Beyond the fact that this is a tasty drink – double bitters, bourbon, bubbly, Cointreau – I love the story of the Seelbach. It was once thought an uncovered treasure found in some ancient texts, and brought out of the mists of time for the drinkers of the future. But, turns out, the whole story was made up. Cocktails should have histories like this, sometimes, cause drinking should be fun (also, to read the whole story in more detailed, check it out on Liquor.com) and sometimes made up stories are fun, too. Heck, it tricked me, but I still believe it’s fun, and like drinking the Seelbach, too. Try it, and I’m guessing you will, as well.
1 ounce bourbon
1/2 ounce Cointreau
7 dashes Peychaud’s bitters
7 dashes Angostura bitters
Chilled brut Champagne or sparkling wine
Orange twist, for garnish
1. Pour the bourbon, Cointreau, and the two bitters into a flute glass. Stir briefly.
2. Fill the flute almost to the top with the chilled Champagne or sparkling wine. Stir again, but don’t get nutty about it. Garnish with the orange twist.
December 28, 2018
Hey, the year of 2018 is coming to a close (you may have known this, and if not, well, congrats on your ability to disconnect from world events), which means another year – 2019, unless I’m disconnected – is about to start. As you go into the new year, with a bubbly drink I’m hoping, please go into it with a spirit of adventure, as you push yourself into thinking about the world anew (which is what you do every year, right? Right!) and all that. With that, I suggest you go with this here drink for your NYE bubbler, as it’s named for an adventurer (you may have known this, too, unless you’ve forgotten your high school history), a fellow who was not only the the first governor of Puerto Rico but one of the first Euro-venturers to meet Florida and, of course, tried in vain to find the fountain of youth. Interesting, when you think about having this on a day that counteracts the very idea of being able to go back in time, instead of forward. But that thought may be too deep! Just have this drink and have some fun why dontcha? Time is short, after all.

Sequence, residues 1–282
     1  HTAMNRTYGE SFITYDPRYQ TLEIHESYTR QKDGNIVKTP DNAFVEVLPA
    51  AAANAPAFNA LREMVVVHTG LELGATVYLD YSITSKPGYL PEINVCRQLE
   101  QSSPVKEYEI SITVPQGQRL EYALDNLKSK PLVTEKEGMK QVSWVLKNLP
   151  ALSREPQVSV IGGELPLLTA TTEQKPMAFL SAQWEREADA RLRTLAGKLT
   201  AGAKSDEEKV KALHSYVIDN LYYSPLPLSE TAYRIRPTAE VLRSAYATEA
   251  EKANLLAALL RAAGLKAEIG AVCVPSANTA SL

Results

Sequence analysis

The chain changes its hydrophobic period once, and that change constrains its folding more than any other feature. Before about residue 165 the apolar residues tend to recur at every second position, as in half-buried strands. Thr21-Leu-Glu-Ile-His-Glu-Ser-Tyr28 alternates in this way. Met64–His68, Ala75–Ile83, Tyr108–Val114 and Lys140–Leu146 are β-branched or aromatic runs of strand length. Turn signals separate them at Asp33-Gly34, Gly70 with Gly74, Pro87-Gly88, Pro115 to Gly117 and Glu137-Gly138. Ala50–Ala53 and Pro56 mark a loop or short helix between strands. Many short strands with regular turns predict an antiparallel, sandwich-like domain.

The Ponce de León, from Dark Spirits
1 ounce Cognac
1/2 ounce white rum
1/2 ounce Cointreau
1/2 ounce freshly squeezed grapefruit juice
Chilled brut Champagne or sparkling wine
1. Fill a cocktail shaker halfway full with ice cubes. Add the Cognac, rum, Cointreau, and grapefruit juice. Shake well.
2. Strain through a fine strainer into saucer-style Champagne glass or cocktail or coupe glass. Fill the glass not quite to the top with the Champagne.
December 29, 2017
Let’s face it – we’re not getting any younger. Really, nothing is, I suppose. But wait, as the year rolls out into the sunset, and as a new one rolls in, let’s not get all down-in-the-mouth, and think about getting older. But instead, remember all the many wondrous days, and all the ones happening now, and how we can be youthful all year round, and many other things one might find on a card – hahaha! Or, skip all that, and sip a Happy Youth instead.
The Happy Youth, from Champagne Cocktails
1 ounce Cherry Heering cherry brandy
1 1/2 ounce freshly squeezed orange juice
1/2 ounce simple syrup
Chilled extra-dry rosé sparkling wine
1. Fill a cocktail shaker halfway full with ice cubes. Add the Cherry Heering, the orange juice, and the simple syrup. Shake youthfully.
2. Strain the mixture equally into a four flute glasses. Top each with the sparkling wine.
October 17, 2017